While showing unity, Objects admits many more practical kinds and therefore many more Objects to being-hood.

This is a further development of the foundation of the metaphysics. It is also further foundation for the study of the variety of objects in the Universe


Place of Objects in the narrative


Intuition provides a foundation for necessary Objects in—human—intuition. Metaphysics develops the properties of the necessary Objects as a Universal metaphysics and shows how the necessary frames the practical and raises the practical to its intrinsic limits

Objects clarifies the nature of the Object: it answers the question What has being? The Object is the fundamental concept of the metaphysics—all existents fall under the Object and are fundamentally of one kind even though there are of course practical distinctions. In clarifying, e.g. the abstract Object as having fundamental unity with the particular, Objects shows with greater explicitness and quantity the variety implied by the fundamental principle of metaphysics

In summary Objects clarifies and makes explicit the variety of being while showing that there is exactly one fundamental kind

Objects helps provide foundation for the theory of variety and so set up Cosmology and Journey

The theory of variety will be developed in Cosmology and further enhanced in Worlds


In the Journey we are interested in the variety of things in the Universe and our relation to them including what may be realized

This chapter completes the study of the nature and our knowledge of things, the nature and our knowledge of their variety

Wide-angle view

Intuition sets up the study of things, relations, patterns, laws… Metaphysics extends the study to its limit. However, in metaphysics some possible kinds of thing such value and number and concept or mental content were left unanalyzed

The present chapter completes the study by setting all such notions on a common basis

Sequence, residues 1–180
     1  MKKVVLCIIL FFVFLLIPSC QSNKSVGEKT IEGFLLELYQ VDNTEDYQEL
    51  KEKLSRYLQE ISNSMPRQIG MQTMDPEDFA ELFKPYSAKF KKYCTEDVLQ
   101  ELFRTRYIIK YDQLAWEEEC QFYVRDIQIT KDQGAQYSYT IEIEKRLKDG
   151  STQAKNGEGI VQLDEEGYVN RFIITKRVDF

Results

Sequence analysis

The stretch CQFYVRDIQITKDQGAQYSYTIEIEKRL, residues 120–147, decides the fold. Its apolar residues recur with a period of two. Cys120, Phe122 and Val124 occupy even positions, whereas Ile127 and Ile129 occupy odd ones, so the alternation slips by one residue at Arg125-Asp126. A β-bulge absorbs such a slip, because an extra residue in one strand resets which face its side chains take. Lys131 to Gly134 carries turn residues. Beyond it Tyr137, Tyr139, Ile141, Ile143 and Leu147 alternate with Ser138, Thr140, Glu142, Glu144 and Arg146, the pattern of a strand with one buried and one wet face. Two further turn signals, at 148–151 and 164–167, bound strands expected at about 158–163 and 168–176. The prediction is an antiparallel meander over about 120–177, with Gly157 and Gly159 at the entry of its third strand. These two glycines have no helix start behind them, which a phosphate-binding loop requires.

The basis of this accomplishment is the theory of reference which says that all concepts that are not a violation of Logic have reference

The concept-object relation is used to elucidate the general nature of the Object. The concept is not generally known to be perfectly faithful but immense precision is possible and in many cases there is sufficient faithfulness. The general Object is called practical

A necessary Object is one that is known perfectly: the concept corresponds perfectly to the Object. The simplicity of experience, being, Universe, duration-extension, and the Void make them necessary. The demonstrated properties of the Void make the Logos necessary (the concept is Logic.) The Logos is immense but we do not have experience of all its Objects. The necessary Objects are also practical. Not all practical—e.g. scientific—objects are necessary

Various kinds of Objects are identified—particular, abstract, and other abstract-like objects such as values are identified. The particular are tangible or thing-like and intangible or less tangible e.g. process and relation. In recent thought these are distinct kinds (abstract objects are not thought to reside in space.) While there are practical distinctions, there is no essential distinction of kind (it is not that the abstract objects are not spatial at all but the spatiality is abstracted out)

The place of the Object in thought

The western tradition has had a concern with the nature of Objects and this has taken on greater importance since Kant emphasized the problem of the nature of the Object in acute terms. The tradition identifies kinds of Objects—e.g., particular objects such as bricks and a range of other objects such as number and value that are labeled abstract

What Objects derives from the traditions